When I ‘did up’ my first flat in 1999, I never imagined it would become an obsession. Every one of our homes has had a full makeover, and I came to realise that the simple act of staging can be more powerful (and certainly better value for money) than paying builders to extend and remodel.

 

I’m not an interior designer, but I do appreciate good design, and my greatest joy is being surrounded by beautiful things. When I retrained as a shoe designer in the early 90s, we were living in a rented flat and dreamed of the day we could have our own place. Our first purchase in Highbury and Islington received a budget makeover, but still wowed buyers enough to double its value in three years.

 

Our next place – a house in Muswell Hill, was tired and drab, so we set about beautifying it with colour, unusual antiques and lots of styling. The house ended up being featured in The Times Bricks & Mortar, and later Grazia magazine. The pattern was set, and I needed a new project to sink my teeth into.

 

That came in the form of a Cotswolds cottage near the pretty Gloucestershire town of Nailsworth. At the time I was into crafts in a big way, so the kitchen was always full of homemade cakes, displayed on vintage glass stands, homebaked sourdough bread wrapped in greaseproof paper and tied with red string, and pretty embroidery samplers made by my little boys. With the help of Farrow & Ball and a great local joiner, we again transformed the once house into a place worthy of photoshoots.

 

That came in handy when we wanted to move back to London, as the house sold within two weeks, despite the local market struggling at the time. I learned that staging may not always get you the price you want, but boy does it fast-track the process. I have never marketed a property that I’ve staged without it going under offer almost immediately.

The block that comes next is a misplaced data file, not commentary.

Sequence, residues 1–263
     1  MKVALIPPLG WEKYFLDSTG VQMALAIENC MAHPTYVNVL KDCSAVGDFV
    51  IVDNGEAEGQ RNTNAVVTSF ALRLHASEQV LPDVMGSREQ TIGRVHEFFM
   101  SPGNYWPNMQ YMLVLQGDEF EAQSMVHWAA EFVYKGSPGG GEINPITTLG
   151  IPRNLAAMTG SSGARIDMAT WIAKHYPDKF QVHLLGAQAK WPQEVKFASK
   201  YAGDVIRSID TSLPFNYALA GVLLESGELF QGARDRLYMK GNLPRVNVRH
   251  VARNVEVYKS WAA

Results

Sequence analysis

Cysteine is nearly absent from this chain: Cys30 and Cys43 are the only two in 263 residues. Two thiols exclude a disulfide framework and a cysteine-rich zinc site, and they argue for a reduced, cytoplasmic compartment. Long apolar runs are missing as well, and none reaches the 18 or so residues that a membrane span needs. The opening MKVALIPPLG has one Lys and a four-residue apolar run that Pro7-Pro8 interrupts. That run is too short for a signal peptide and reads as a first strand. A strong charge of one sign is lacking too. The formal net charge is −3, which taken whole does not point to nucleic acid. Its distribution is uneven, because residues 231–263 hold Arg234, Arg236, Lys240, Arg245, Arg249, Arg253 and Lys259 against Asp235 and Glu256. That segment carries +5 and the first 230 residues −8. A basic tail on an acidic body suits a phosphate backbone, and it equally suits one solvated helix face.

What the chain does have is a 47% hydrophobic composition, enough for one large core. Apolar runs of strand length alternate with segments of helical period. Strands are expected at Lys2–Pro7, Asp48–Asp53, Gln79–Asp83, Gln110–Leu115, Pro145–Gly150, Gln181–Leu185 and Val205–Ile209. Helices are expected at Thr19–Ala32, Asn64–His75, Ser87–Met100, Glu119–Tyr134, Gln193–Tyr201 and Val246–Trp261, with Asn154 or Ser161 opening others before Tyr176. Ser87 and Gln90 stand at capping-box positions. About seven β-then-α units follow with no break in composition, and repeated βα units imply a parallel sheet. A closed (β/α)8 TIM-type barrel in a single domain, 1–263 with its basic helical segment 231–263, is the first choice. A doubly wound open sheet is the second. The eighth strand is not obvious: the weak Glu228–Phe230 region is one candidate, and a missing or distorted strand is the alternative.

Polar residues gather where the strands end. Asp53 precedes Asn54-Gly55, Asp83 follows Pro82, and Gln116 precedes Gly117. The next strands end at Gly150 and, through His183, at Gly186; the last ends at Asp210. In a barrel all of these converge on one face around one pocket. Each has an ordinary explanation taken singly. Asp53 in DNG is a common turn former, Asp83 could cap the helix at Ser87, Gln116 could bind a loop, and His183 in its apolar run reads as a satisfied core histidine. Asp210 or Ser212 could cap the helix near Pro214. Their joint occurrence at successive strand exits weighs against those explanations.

That fact was reinforced last year when we put our Victorian terrace up for sale in the midst of Brexit uncertainty and at a time when London prices were in freefall This time we pushed the boat out and enlisted the help of an interior designer friend who, with a small budget and some stock pieces, turned our home into a place of aspirational beauty in a single afternoon. I admit we were almost tempted to stay when we saw how lovely our little house could look, but receiving an offer at asking price within three days soon changed our minds.

 

We’d been careful to price at ‘the realistic end of optimistic’, but I still didn’t expect to achieve a record price for the street, and £100k more than we’d thought possible.

 

Now that I’m a developer, with 30 units currently under construction, I’m determined not to churn out ‘vanilla’ homes. Our CGIs have already brought the first project to life, with carefully curated furniture and accessories creating the aspirational lifestyles buyers love. Homes are emotional purchases first and foremost, and forward-thinking developers understand that the cost of staging a property is invariably outweighed by the faster sales and higher prices. For me it’s a no brainer.

 

The following three pictures are of our project in Launceston, Cornwall. CGI images of the new-build houses. The site is currently a muddy field. Credit: Ademchic

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The following images are of our Twickenham house that we sold last year. The last two pictures show the living room post staging, and then once the removal men had taken everything out. Credit: Ademchic

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Claire Norwood is a Judge for the Home Staging Awards – More info and tickets here.

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